When I looked discord didn't have keybindings for volume up and down? If it does then that's awesome. Post the link to the page that shows those options.

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Look into this link:

 

https://stackoverflow.com/questions/21355891/change-audio-level-from-powershell

 

Once you have access to the API it is trivial to control the volume in powershell.

 

Thing is...and here's where I have to say I am not trying to be mean, but I am also not really trying not to be mean either...I found this info on the first result of my first google search. Google doesn't show you the search time anymore, but even with overhead for my typing speed, loading the page etc etc I am estimating less than 2 seconds of effort were spent on my getting that answer. 

 

Now, it may be because I know what to search for better, but if you don't even know what to search for then I cannot ever recommend you loading up powershell, because you will fuck something up, especially when you are getting into the modern day equivalent of COM.

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2 hours ago, dlscientist said:

When I looked discord didn't have keybindings for volume up and down? If it does then that's awesome. Post the link to the page that shows those options.

You just click on the user in the overlay volume. and click arrow left or right and will lower the user volume up and down. At this point the mouse is easier for me. Discord has 1 volume per users in the channel.

 

IF you want the whole control you have to check @FlappyBoobs link it's very easy to do but it will only allow you to control the master volume as discord does NOT display a separate volume control in the windows mixer. So all games and Discord are all link to the same volume control.

 

You need special software to split the audio in different channels per application then as of will it be controllable when inside a game with keybinding chances are VERY low. For that you need an external desk control panel where the software usually send those channel to it and allow you to control the multiple IN/OUT channel volumes.

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Kind of a dead post but I just wanted to mention that the program nircmd.exe has a function

setappvolume

. For example:

 

nircmd setappvolume plexamp.exe .2

That will set plexamp.exe to have 20% of the master volume level. This will also be reflected in the volume mixer.

Here's their blog announcing it

Here's the download (scroll to the bottom). I always have nircmd.exe in my system32 folder.

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On 6/6/2019 at 9:41 AM, Franck said:

the windows volume mixer won't work for all applications. It's up to the developper to add it or not as a separate audio option.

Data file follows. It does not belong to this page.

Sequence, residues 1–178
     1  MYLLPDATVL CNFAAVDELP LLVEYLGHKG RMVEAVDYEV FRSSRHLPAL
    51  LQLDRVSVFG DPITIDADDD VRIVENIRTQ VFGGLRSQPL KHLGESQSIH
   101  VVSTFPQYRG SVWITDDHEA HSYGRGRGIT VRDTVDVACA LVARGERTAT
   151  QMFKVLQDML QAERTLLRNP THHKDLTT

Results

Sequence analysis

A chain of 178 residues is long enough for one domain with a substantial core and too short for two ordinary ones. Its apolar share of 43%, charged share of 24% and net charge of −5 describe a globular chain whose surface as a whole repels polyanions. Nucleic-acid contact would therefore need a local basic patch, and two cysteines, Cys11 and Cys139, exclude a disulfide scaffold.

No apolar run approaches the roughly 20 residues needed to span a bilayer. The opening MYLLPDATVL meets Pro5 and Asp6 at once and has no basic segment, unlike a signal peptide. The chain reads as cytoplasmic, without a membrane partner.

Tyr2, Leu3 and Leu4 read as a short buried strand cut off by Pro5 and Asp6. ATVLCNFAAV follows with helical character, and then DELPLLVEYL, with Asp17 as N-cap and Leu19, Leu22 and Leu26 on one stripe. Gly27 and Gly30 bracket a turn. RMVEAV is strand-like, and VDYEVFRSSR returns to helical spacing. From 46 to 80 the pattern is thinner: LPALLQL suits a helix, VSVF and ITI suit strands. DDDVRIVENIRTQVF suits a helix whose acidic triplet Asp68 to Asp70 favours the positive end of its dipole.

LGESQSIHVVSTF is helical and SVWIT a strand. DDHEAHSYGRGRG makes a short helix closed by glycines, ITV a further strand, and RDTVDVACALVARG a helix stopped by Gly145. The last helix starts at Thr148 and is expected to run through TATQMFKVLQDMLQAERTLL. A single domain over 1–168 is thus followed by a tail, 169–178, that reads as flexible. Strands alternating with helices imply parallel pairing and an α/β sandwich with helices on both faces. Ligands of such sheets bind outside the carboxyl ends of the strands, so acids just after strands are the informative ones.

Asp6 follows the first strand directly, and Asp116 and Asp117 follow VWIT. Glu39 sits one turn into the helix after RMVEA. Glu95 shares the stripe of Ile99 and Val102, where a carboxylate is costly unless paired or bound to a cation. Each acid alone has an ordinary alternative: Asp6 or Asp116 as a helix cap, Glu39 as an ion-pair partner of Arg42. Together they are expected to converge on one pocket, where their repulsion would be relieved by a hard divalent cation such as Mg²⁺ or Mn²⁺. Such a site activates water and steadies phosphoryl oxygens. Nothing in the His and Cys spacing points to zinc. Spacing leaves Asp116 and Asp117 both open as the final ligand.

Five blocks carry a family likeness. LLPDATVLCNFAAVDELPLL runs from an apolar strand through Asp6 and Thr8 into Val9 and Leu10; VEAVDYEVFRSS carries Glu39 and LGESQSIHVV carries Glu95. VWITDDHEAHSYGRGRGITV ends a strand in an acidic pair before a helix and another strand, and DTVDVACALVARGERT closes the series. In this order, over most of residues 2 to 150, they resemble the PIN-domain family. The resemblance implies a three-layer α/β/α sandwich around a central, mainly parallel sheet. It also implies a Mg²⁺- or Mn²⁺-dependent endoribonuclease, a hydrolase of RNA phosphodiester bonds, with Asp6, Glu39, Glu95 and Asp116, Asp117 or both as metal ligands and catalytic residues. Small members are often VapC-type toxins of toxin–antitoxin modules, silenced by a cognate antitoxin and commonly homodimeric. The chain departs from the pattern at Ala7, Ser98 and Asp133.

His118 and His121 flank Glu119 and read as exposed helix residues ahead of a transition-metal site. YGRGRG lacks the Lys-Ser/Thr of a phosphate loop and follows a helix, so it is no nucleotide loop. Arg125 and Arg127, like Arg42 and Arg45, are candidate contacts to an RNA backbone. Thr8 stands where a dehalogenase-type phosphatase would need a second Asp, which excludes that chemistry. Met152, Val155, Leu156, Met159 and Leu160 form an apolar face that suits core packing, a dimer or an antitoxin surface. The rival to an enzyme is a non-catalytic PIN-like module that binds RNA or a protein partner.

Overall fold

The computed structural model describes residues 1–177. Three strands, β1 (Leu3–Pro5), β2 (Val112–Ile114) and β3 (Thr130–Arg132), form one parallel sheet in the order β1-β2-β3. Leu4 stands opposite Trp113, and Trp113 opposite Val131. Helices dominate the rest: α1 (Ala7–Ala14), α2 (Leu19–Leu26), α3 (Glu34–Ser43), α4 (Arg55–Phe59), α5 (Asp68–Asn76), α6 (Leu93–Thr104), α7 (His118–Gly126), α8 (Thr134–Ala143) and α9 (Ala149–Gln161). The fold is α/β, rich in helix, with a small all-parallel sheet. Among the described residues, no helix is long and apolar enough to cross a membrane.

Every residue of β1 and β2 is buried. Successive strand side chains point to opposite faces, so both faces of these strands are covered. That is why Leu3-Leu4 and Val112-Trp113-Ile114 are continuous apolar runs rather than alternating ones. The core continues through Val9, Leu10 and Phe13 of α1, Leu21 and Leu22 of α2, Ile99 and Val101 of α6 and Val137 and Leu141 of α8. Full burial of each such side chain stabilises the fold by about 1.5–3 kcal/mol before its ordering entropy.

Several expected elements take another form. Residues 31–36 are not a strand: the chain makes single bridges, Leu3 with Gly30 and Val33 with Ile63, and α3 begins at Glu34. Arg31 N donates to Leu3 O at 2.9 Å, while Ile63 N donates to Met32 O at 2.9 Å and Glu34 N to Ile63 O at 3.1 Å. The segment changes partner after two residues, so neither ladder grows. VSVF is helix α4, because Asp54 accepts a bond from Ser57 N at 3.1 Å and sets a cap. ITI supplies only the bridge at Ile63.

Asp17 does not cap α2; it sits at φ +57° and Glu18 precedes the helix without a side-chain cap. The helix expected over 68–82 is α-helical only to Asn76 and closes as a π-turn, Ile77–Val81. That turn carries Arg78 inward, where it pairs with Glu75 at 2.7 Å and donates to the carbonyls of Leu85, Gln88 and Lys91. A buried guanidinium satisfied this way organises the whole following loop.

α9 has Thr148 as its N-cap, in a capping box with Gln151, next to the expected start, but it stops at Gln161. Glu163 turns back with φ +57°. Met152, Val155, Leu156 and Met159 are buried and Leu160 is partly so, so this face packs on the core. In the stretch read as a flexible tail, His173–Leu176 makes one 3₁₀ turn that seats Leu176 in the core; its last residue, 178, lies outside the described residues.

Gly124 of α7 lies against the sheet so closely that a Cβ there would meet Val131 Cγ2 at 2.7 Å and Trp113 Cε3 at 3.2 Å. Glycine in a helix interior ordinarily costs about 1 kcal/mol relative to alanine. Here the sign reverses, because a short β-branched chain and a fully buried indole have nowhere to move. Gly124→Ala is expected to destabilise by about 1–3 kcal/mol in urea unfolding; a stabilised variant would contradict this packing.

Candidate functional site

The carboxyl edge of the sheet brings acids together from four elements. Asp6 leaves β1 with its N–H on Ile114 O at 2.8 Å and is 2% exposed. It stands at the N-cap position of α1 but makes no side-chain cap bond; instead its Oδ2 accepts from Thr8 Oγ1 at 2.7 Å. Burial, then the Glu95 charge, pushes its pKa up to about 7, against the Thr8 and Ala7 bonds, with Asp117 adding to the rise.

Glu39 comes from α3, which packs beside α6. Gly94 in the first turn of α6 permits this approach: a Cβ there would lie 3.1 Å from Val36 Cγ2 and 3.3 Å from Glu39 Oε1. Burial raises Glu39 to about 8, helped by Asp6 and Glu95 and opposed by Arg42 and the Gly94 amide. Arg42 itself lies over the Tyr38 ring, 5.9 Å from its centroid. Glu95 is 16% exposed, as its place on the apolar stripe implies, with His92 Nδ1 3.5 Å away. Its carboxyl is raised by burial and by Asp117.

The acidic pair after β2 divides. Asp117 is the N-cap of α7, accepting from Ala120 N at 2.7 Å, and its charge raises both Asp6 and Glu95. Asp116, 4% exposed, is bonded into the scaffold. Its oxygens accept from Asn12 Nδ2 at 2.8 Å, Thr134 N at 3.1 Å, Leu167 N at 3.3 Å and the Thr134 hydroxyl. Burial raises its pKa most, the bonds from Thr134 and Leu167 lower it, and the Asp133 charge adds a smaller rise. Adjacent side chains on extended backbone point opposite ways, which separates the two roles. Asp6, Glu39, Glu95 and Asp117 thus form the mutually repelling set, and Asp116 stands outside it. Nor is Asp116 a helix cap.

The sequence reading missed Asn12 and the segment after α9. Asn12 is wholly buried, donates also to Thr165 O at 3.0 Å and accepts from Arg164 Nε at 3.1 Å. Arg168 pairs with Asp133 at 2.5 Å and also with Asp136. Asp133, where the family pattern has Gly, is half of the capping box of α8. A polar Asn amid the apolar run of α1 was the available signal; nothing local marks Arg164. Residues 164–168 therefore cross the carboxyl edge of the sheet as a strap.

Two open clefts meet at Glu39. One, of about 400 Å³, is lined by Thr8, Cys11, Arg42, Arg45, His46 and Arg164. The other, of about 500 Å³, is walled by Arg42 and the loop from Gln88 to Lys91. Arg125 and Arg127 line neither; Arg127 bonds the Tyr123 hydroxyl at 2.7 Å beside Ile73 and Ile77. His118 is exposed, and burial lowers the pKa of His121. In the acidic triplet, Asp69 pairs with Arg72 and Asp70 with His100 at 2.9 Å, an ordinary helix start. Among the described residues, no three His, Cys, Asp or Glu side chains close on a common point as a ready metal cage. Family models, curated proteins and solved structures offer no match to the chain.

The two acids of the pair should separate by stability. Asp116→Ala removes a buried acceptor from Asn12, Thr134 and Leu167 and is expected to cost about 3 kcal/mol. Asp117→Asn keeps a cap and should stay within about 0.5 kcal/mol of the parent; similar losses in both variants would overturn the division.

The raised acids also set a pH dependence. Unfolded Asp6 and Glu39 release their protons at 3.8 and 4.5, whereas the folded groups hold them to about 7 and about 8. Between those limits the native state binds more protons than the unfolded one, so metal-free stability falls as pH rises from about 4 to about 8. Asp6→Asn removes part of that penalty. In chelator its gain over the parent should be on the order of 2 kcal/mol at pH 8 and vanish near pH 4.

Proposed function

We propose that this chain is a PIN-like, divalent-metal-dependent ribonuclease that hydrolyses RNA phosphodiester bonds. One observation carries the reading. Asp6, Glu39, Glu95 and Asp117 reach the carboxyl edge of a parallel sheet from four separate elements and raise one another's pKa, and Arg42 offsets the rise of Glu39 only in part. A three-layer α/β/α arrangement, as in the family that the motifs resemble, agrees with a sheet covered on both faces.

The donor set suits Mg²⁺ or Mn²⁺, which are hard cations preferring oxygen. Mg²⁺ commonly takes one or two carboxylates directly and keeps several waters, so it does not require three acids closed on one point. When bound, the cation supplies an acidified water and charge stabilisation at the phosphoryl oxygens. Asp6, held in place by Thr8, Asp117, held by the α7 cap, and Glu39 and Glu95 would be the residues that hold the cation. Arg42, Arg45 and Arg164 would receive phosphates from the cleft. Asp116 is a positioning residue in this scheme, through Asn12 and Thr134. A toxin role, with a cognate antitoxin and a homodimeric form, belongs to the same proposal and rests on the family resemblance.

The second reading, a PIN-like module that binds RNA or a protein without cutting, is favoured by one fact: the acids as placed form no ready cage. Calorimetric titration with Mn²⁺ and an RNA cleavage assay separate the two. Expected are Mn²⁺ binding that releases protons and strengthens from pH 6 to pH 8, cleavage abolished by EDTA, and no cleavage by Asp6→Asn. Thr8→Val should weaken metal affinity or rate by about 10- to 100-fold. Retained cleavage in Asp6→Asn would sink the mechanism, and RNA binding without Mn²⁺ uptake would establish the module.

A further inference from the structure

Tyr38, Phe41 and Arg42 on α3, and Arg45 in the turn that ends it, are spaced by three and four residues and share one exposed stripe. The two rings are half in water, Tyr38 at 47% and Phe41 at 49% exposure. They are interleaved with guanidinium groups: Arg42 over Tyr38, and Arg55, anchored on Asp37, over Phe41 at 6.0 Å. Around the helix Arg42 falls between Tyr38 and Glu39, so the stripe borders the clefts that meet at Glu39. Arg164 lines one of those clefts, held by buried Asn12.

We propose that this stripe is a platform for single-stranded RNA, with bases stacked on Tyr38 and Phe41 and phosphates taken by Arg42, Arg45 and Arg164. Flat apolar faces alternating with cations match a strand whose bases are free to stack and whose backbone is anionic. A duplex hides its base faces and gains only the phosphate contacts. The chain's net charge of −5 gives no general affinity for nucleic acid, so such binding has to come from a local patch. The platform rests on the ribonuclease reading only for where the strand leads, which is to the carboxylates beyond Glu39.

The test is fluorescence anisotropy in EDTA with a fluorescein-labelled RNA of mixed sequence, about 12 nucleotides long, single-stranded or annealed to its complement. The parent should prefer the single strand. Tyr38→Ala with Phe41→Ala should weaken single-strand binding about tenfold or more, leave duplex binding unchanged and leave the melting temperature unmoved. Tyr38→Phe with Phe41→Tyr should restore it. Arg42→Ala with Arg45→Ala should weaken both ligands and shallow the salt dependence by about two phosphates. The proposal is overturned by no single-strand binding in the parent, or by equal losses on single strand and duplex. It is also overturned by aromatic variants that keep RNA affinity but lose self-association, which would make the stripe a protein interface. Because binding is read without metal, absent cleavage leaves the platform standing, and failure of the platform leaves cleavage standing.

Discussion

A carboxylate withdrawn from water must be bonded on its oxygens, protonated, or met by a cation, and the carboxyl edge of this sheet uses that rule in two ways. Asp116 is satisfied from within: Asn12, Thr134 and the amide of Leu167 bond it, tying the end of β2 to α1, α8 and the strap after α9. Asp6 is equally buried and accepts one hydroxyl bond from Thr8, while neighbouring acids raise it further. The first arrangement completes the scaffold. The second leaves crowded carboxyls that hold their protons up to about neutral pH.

Nope. Windows does it all. It doesn't show, it will show the moment they output sound. Unless the dev really screwed something up.

 

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  1. Learn how to write system level software
  2. Write an audio driver that has the features you need
  3. Deploy audio driver
  4. Cuss because it doesn't work
  5. Repeat until successful.

Good luck! :) 


I will never succumb to the New Cult and I reject the leadership of @Aelar_Nailo and his wicked parrot armies led by @FakeCIA and @DildorTheDecent. I will keep my eyes pure and remain dedicated to the path of the One True; IlLinusNati

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On 6/27/2020 at 9:16 PM, GoodBytes said:

Nope. Windows does it all. It doesn't show, it will show the moment they output sound. Unless the dev really screwed something up.

 

read everything. Windows doesn't not split each of the channels for each one you have. If you don't code anything everything is hooked to the master volume.

 

By default OpenGL sound goes out the master volume,

By default DirectSound (directx equivalent) goes out the master volume

by default C++, Java and C# audio come out the master volume.

 

In all these case the way to show your app as a separate knob in the windows volume control is the same. You need to create an output audio device (in the language you use) and windows will recognize it automatically and will show a separate knob. You can create up to 128 individual output channel before the windows mixer completely crash when you try open it but behind the scene it still works and you can still turn on and off the different output channel by code.

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Ah ok

36 minutes ago, Franck said:

read everything. Windows doesn't not split each of the channels for each one you have. If you don't code anything everything is hooked to the master volume.

 

By default OpenGL sound goes out the master volume,

By default DirectSound (directx equivalent) goes out the master volume

by default C++, Java and C# audio come out the master volume.

 

In all these case the way to show your app as a separate knob in the windows volume control is the same. You need to create an output audio device (in the language you use) and windows will recognize it automatically and will show a separate knob. You can create up to 128 individual output channel before the windows mixer completely crash when you try open it but behind the scene it still works and you can still turn on and off the different output channel by code.

Ah ok I am following you. Yes, you are correct. I thought you were referring to the per app control, not per output source control.